The NDSU GAMES Project

Games are Graphically Advanced Multi-player Educational Simulations. The GAMES idea is to create multi-player, educational, simulated worlds (sometimes called synthetic or virtual worlds); then to populate those worlds with authentic simulated artifacts (objects, devices, agents, and so forth); and then to open the world to learners for exploration, discovery, problem solving, and learning.

When playing in GAMES, a human learner is immersed in a Reality-Oriented Learning Experience (ROLE). The players in a ROLE-based environment actively participate in a sustained problem-solving simulation. To succeed in these virtual worlds, and to effectively play the GAMES, a learner will necessarily master the concepts and skills required to play their part in the ROLE-based environment. ROLE-based learning is learning-by-doing within the structure and context of playing a role. Rather than simply teaching goal-based behavior and task-oriented skills, ROLE-based learning teaches a way of practice - where you do not just learn the law, but how to "think like a lawyer" as well.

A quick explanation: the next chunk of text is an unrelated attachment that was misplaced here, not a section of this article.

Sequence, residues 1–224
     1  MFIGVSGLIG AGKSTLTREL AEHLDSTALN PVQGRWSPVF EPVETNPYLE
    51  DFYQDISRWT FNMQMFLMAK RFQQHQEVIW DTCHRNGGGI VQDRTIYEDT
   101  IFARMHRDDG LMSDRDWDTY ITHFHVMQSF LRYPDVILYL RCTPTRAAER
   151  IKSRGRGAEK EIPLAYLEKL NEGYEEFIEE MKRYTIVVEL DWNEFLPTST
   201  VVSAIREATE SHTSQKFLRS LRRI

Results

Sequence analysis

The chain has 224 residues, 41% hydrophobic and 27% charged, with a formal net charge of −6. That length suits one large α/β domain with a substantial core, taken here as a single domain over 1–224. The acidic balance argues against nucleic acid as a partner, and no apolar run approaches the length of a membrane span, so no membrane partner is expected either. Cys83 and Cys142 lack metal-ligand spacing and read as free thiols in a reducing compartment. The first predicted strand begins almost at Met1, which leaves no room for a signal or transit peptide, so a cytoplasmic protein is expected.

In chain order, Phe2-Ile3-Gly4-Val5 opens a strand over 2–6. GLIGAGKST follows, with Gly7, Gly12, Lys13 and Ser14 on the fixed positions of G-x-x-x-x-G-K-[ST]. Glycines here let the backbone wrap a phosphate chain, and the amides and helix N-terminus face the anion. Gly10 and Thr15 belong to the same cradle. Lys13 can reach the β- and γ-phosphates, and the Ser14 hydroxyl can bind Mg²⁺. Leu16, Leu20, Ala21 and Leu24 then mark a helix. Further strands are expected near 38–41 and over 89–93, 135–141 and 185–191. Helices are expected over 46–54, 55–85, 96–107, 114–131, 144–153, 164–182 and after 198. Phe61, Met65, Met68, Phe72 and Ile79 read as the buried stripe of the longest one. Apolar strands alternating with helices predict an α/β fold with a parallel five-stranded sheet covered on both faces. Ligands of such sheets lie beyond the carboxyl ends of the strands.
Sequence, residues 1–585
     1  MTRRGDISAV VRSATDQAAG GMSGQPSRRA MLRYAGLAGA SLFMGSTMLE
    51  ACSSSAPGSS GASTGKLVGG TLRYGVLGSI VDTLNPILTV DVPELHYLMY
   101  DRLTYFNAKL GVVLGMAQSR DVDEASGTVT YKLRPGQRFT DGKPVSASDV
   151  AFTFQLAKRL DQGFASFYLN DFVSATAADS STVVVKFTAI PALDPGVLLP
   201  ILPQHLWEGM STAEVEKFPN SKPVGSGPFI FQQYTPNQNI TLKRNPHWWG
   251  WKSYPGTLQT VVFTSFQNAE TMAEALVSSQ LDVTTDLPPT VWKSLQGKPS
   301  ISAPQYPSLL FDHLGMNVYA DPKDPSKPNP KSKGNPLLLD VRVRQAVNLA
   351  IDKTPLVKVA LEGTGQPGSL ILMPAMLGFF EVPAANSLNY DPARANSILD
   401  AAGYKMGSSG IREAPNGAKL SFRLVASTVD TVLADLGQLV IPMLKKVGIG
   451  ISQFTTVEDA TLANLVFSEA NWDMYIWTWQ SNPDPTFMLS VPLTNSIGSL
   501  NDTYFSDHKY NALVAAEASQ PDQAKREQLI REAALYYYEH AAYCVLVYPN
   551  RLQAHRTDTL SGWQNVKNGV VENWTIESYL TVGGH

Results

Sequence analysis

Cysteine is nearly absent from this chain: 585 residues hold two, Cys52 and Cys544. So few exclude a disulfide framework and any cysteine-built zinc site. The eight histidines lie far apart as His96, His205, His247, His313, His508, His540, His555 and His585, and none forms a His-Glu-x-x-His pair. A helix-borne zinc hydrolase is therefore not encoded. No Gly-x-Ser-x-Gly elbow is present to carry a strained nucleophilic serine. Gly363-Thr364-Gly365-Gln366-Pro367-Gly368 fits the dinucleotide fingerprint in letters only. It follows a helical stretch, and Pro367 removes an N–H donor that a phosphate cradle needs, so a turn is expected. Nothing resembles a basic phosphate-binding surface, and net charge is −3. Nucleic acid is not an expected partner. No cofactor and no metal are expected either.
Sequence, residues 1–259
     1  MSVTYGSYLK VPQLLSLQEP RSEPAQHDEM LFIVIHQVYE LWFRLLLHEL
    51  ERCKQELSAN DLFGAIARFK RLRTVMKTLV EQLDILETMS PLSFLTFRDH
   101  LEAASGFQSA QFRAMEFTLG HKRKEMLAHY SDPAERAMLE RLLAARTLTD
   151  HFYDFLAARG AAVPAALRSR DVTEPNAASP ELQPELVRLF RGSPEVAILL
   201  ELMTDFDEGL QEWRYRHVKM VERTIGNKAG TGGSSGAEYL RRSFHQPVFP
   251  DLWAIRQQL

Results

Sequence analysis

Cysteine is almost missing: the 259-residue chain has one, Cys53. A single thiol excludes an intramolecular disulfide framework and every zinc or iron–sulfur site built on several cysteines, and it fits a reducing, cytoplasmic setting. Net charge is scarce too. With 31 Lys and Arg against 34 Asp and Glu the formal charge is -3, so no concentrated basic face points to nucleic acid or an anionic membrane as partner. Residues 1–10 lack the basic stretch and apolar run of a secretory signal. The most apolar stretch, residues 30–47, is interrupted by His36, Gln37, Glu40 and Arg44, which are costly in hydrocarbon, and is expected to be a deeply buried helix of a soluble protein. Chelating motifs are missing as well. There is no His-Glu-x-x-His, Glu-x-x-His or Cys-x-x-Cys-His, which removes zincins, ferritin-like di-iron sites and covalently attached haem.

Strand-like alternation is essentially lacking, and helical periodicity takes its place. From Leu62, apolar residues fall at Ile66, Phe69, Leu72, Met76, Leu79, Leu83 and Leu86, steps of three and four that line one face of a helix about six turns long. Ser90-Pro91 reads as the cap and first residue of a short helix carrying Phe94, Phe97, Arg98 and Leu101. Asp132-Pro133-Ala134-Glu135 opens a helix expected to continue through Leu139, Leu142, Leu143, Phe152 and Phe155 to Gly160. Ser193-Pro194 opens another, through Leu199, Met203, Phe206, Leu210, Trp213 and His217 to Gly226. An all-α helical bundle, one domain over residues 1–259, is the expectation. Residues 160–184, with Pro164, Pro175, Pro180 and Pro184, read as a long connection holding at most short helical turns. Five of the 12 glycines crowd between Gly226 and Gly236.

By putting a student in a world that "sufficiently" models the domain you are teaching, the student learns about that world the student learns their role in it the student learns about the domain.

A GAMES world is:

    1. Predictable because it makes sense in terms of the real world -- in other words, the simulation is "sufficiently authentic."
    2. Compelling and Engaging because a comic-like graphical interface (the MOOPort) presents the virtual world.
    3. Reactive because the game is built on an existing architecture for real-time multi-player games (MUDs), using the most flexible implementation (Pavel Curtis's LambdaMOO, from Xerox PARC).
    4. Sensitive because there is a Proactive Tutor in the simulated world, watching the players' actions and informing them when they do something questionable.


Copyright © 1997, 2002, 2005 World Wide Web Instructional Committee